Rickenbacker International Corporation - Forum

Sticky/gummy paint
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Author:  fenderslash [ Sat Jun 14, 2014 6:27 pm ]
Post subject:  Sticky/gummy paint

Hi all, haven't visited here in ages, but I've discovered a finish problem that I'm hoping to get some answers to.

Back in 2006/07 my band was making plenty of money on weekends and I was totally obsessed with Rickenbackers, so I was spending my band earnings on new Rics. Some of these were almost never played in the intervening years. Today I got them all out one by one and to my horror I found that the finish on five of them has become sticky/tacky. What makes it more heartbreaking is that some are "colour of the year" guitars.

What I'm hoping for is that this has become some kind of known-issue in the meantime and I can get advice about how to avoid it on the as-yet unaffected guitars, and maybe even get some advice on how to reverse the damage on the others.

In case it helps, here is what I have with the years they were made:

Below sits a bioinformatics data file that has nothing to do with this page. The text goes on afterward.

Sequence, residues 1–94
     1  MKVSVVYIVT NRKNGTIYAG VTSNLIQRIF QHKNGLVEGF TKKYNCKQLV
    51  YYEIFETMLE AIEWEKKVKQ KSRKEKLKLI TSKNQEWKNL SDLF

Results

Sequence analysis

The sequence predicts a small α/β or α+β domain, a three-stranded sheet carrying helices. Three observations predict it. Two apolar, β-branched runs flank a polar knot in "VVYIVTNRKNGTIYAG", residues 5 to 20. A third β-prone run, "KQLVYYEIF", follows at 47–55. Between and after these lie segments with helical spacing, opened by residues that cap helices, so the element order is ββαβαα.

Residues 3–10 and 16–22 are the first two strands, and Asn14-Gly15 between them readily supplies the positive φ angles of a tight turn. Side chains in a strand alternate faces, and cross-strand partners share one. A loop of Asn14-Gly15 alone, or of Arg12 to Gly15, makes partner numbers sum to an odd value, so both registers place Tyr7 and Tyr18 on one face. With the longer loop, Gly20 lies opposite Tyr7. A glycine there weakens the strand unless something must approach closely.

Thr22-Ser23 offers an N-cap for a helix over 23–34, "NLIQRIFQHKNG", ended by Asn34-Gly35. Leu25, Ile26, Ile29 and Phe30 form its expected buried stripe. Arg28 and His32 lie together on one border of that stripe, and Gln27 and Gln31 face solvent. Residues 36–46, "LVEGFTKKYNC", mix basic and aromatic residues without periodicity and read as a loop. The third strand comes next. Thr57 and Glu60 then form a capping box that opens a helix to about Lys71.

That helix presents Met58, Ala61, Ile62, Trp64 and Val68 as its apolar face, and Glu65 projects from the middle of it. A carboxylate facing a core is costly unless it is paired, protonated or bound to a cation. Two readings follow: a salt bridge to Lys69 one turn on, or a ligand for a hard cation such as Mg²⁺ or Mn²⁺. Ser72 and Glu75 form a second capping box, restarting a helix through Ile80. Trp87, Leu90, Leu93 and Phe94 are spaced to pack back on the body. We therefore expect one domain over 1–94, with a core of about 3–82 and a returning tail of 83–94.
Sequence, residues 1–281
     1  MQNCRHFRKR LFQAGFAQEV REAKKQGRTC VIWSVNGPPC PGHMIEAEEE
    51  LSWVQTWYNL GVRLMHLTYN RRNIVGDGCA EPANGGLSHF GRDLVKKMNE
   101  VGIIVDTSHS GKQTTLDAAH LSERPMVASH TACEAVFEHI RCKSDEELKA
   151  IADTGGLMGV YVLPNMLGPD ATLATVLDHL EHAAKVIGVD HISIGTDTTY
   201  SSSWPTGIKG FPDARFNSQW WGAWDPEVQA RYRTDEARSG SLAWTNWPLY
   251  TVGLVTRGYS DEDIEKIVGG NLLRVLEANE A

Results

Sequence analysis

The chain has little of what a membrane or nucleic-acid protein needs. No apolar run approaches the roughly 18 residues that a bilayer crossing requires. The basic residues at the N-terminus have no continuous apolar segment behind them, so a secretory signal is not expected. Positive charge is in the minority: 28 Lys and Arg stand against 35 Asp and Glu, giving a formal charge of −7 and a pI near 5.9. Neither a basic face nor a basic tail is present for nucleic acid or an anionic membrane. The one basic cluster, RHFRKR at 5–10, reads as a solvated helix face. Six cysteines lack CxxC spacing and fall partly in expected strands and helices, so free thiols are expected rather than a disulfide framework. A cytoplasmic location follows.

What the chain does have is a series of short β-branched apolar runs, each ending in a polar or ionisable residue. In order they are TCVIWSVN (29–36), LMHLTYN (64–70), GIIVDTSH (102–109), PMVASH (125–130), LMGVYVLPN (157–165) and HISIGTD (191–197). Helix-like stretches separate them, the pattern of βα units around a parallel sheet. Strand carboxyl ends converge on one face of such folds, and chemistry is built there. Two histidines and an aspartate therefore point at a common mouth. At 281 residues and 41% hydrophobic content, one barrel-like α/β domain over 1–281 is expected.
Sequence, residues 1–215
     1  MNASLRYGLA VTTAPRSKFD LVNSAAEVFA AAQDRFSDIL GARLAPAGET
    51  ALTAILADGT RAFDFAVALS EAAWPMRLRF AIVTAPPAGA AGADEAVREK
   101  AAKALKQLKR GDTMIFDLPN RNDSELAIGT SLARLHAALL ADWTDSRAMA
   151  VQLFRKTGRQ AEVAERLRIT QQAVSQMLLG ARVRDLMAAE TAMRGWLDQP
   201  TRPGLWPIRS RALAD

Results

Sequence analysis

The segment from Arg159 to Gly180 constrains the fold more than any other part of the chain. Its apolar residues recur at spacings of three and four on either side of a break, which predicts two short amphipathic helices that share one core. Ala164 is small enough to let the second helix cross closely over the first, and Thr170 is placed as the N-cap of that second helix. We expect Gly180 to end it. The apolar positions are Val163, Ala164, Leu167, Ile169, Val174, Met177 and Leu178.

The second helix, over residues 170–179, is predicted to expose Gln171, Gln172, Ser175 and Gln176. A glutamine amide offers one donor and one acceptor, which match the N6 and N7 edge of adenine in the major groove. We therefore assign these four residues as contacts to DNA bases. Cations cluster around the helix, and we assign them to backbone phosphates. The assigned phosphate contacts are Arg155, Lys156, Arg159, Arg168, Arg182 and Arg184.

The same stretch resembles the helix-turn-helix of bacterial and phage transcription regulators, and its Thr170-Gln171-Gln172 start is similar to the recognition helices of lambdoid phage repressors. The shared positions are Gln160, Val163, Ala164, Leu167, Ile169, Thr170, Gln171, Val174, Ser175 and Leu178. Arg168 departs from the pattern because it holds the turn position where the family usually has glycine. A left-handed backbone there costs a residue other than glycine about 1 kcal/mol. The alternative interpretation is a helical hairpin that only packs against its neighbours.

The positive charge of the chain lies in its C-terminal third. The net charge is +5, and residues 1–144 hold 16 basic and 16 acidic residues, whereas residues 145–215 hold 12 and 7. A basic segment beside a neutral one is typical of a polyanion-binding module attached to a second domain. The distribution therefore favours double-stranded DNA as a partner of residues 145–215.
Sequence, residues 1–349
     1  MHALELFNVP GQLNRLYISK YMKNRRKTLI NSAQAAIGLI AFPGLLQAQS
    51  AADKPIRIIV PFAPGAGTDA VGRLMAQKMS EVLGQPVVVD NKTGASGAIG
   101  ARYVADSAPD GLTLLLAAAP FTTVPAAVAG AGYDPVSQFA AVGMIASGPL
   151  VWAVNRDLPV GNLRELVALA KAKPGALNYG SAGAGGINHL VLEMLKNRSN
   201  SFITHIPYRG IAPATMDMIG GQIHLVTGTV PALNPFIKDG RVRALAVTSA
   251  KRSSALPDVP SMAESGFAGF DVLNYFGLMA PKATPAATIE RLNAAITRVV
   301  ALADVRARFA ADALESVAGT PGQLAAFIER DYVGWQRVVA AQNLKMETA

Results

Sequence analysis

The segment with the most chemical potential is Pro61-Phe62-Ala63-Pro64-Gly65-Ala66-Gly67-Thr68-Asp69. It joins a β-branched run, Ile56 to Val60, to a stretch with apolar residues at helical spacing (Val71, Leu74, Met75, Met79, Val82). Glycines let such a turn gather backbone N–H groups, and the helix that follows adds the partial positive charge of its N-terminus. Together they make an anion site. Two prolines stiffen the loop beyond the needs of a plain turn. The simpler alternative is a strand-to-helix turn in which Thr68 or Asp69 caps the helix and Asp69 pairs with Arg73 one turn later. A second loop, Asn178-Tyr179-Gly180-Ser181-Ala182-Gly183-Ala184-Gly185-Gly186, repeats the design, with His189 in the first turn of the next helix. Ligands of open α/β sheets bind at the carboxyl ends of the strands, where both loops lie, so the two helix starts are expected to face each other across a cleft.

330/6 Desert Gold (2001) - sticky.
360/6 Fireglo (2003) - unaffected.
330/6 Jetglo (2003) - unaffected.
340/6VP Jetglo (2004) - unaffected.
620/6 Blueburst (2006) - sticky
330/6 Blueburst (2006) - sticky
620/6 Blueburst (2007) - sticky
620/6 Midnight Blue (2007) - sticky

I discovered the problem with the Desert Gold 330 a few years back but at the time I thought it was a one-off problem.

Author:  ggoat!!! [ Sun Jun 15, 2014 8:19 pm ]
Post subject:  Re: Sticky/gummy paint

I had the exact same thing happen to me on a 1999 Curly Maple Fireglo 4003. I posted extensively about it on another forum, and was basically attacked...told I must be lying, it must be something I did, I must have wiped the bass with something, etc. The thread ended up getting locked, with no real help from anyone. I was quite surprised how I was attacked for being a traitor for bringing up the problem.

http://www.rickresource.com/forum/viewt ... 2&t=403183